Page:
by Will Overton
Every year there are a few rookies who get an exorbitant amount of hype in the preseason. These are the players that everyone wants and have their price skyrocket due to the love and allure of potential stardom (nearly as much as real stardom). Then there are another group of rookies who no one pays any attention to that fly under the radar, go undrafted and inevitably a few blow up and you just hope to get them off the wire in time.
Today I am looking at batters who made their teams opening day roster, so not looking at potential callups. These may not be guys you want to grab immediately (depending on your format), but you should watch closely for a possible breakout.
Jeimer Candelario – 3B, Detroit Tigers: This is one of the Tigers many 2017 midseason trade acquisitions and one they are excited about (enough that they have moved Nick Castellanos to the outfield to make room). Candelario isn’t your typical power hitting corner infielder, but he has a strong knack for getting on base and good things happen when someone gets on base regularly. He played 27 games for the Tigers last year and hit .330 while walking 11.3% of the time, leading to a .406 OBP.
The Tigers lineup isn’t the scary force of years past, but Candelario is hitting second and being in front of Miguel Cabrera and Castellanos while having a knack for getting on base is a pretty good combination. Candelario should have a walk rate in the double digits and an OBP in the high .300’s, which could lead to 90+ runs. I mentioned him not being a prototypical power hitter, but he could still approach 15 HR. He’s worth watching in all formats, but especially if your league uses OBP.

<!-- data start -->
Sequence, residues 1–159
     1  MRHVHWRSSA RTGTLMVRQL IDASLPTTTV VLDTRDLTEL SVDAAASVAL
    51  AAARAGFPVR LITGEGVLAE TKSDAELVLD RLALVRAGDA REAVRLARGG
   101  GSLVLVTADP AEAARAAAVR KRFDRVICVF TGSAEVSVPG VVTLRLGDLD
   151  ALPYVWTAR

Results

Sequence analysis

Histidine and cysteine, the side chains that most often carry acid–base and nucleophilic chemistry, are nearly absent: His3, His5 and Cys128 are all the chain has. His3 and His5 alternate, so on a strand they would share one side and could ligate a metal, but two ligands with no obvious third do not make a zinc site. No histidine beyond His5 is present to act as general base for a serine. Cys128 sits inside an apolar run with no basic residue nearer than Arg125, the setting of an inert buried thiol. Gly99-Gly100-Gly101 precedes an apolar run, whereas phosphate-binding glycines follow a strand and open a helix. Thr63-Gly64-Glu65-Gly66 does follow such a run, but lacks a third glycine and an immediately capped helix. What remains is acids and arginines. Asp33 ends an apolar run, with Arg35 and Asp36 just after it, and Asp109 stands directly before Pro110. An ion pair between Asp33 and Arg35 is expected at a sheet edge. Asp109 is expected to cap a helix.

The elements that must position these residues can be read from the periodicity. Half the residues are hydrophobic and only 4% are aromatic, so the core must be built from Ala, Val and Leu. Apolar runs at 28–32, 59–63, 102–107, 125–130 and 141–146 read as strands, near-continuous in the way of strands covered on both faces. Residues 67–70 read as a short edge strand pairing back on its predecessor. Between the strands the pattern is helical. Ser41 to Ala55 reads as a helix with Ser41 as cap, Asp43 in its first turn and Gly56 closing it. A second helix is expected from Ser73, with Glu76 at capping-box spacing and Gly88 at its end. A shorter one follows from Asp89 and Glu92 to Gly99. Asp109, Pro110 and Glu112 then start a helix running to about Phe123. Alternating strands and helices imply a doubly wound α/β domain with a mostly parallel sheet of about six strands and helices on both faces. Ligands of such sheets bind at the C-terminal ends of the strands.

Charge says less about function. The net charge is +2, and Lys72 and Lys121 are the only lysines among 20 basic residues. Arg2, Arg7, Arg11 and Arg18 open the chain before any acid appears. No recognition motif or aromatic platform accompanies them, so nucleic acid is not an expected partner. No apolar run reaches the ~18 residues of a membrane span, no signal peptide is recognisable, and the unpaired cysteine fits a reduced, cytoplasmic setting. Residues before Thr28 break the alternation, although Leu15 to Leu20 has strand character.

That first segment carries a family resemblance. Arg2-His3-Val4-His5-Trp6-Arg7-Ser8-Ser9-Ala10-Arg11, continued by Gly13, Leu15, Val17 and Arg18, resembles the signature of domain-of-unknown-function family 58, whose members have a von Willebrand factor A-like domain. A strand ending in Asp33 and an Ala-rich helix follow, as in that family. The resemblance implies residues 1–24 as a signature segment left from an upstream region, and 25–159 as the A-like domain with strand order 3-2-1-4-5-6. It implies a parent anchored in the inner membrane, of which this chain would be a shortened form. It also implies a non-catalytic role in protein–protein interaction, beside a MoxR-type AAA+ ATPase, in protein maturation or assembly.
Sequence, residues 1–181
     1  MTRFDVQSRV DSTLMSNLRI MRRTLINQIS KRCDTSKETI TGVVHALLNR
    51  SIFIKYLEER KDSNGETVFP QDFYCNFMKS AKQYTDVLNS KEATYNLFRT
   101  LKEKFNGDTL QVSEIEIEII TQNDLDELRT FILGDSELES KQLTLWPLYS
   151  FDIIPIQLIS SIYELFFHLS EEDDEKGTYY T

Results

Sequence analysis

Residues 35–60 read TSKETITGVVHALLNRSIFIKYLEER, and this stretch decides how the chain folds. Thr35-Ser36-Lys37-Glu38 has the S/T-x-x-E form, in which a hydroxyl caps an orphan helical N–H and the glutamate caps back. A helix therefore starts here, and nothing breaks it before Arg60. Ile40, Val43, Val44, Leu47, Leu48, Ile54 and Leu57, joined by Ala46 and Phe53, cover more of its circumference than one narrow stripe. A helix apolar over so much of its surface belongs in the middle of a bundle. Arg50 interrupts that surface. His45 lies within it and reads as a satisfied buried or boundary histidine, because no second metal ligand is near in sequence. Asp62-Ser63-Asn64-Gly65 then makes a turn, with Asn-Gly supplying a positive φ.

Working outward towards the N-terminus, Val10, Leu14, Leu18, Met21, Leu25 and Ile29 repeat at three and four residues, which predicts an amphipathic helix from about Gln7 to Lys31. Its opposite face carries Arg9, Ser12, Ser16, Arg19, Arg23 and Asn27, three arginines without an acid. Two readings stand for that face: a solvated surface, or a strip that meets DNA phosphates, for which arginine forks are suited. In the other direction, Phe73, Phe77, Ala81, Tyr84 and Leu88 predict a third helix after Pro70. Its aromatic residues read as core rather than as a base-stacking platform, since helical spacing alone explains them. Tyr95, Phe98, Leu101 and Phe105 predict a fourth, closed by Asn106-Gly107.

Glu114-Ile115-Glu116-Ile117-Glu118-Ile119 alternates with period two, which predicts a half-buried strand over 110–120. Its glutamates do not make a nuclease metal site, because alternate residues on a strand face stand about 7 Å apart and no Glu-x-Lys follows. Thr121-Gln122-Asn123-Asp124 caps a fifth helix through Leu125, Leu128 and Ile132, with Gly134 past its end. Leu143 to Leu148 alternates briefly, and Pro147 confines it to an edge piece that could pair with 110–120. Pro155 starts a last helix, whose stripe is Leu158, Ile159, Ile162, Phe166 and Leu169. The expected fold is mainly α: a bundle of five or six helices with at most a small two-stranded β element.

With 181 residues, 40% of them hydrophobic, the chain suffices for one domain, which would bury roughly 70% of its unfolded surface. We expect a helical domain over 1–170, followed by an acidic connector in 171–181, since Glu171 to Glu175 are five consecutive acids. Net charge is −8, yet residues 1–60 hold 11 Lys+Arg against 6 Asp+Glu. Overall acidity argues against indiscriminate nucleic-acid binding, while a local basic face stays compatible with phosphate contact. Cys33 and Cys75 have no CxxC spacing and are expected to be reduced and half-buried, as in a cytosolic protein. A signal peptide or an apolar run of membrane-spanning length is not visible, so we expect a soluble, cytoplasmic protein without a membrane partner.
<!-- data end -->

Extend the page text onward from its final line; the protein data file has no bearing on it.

Lewis Brinson – OF, Miami Marlins: Another player in a good spot for a bad team. Brinson is someone with a lot of upside, but also a fair amount of risk to flame out. He’s going to get the opportunity in Miami to see about that upside and they’re experimenting with him in the leadoff spot in the lineup.
Brinson has flashed 20/20 skill in the minor leagues and had a big breakthrough last year in what was essentially a half year at Triple-A, where he hit .331 with 13 HR and 11 SB. The worry is that his past issues with striking out will come back to haunt him in the big leagues, and if they do he may not be long for the leadoff spot (even with his stellar track record of walks).
He’s probably already owned in deeper leagues, but standard league owners should be watching closely to see how this one plays out.
Ryan McMahon – 1B, Coloradro Rockies: Due to seeing a heavy dose of lefties thus far Ryan McMahon has yet to start a game for the Rockies, but his time is coming to prove himself. The Rockies let Mark Reynolds walk in the offseason, making McMahon their guy against right-handers. McMahon is not Reynolds, he is much more of a contact hitter than a power hitter, though he still possesses enough power to push close to 20 HR in Colorado’s air.
McMahon has a skill set similar to Candelario, who we discussed earlier, with the advantage of playing in Colorado but disadvantage of being in a platoon. Keep an eye on him to see what he can do with his playing time when it comes.
Drew Robinson – OF, Texas Rangers: Here’s a much deeper sleeper name for you than the others on the list. It was expected that the Rangers would be starting Willie Calhoun, a more highly touted prospect, in left field but first crack at the job is going to Robinson. The 25-year old rookie got a cup of coffee last year and flashed some power potential with 6 HR in 107 AB.
Robinson has shown a nice blend of power and speed throughout his minor league career with a better than average walk rate. The thing that will potentially be his downfall would be the strikeouts. In seven plate appearances this season he’s already struck out five times. If he can keep the strikeout rate somewhat down, even in the mid 20%’s, he could keep the job and there is definite 20+ HR upside with 450+ AB, plus a little speed. It’s just keeping that K rate seems like it’s going be a real challenge.
Make sure to check out all of our 2018 Preseason Rankings:
|Starting Pitchers||1-20: 03/24/18|